Dr. Michele Heisler received her MD degree from Harvard University and MPA degree from Princeton University. She completed residency training in Internal Medicine and health services research training as a Robert Wood Johnson Foundation Clinical Scholar from 2000–2002 at the University of Michigan Health System.
Before her medical training Dr. Heisler worked for the United Nations Human Rights Commission and spent four years as a Program Officer at the Ford Foundation helping develop and strengthen human rights organizations and programs in Latin America and the Caribbean.
She has volunteered for PHR since medical school, when she participated in a human rights investigation in Turkey. Since then Dr. Heisler has helped analyze data and write reports for a number of PHR investigations.
She is a Professor of Internal Medicine and Health Behavior and Health Education at the University of Michigan medical school and research scientist at the Ann Arbor VA’s Center for Clinical Management Research. She is Co-Director of the University of Michigan’s Robert Wood Johnson Foundation’s Clinical Scholars Program, and Associate Director of the UM Medical School’s Global REACH program.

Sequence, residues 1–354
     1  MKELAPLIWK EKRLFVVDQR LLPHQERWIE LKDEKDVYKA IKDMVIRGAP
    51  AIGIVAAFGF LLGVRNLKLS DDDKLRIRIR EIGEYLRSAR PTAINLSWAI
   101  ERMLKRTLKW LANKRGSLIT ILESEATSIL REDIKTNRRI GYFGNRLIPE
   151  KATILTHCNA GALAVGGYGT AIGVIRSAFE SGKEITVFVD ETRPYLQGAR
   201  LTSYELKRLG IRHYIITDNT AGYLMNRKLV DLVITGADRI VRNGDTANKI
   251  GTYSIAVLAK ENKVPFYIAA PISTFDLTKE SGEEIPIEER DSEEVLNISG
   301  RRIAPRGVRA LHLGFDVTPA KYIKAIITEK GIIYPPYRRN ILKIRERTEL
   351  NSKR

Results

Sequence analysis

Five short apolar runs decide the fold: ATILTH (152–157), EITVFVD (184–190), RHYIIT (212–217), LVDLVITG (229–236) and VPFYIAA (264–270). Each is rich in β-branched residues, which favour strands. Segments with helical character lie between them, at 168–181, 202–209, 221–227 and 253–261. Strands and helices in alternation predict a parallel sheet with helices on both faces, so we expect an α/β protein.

Dr. Heisler’s research focuses on developing and evaluating health system and behavioral interventions to enhance self-management support for patients with chronic diseases such as diabetes and heart failure, and she currently is leading several federally funded randomized controlled effectiveness studies examining different models. She has authored over 100 peer-reviewed studies in medical and public health journals.
The evidence for improved clinical outcomes, lower costs, and reduced hospital and ED utilization resulting from mutual peer support health interventions.
Implementing social incentives and peer support could face opposition over concerns about patient confidentiality. How can we overcome that?
Insights Report by Namita Seth Mohta, Edward Prewitt, Kevin G. Volpp, Michele Heisler, Kate Niehaus, Carol J. Peden & Neil W. Wagle
From a roundtable discussion and NEJM Catalyst survey, a framework for defining the patient voice and integrating it into care delivery.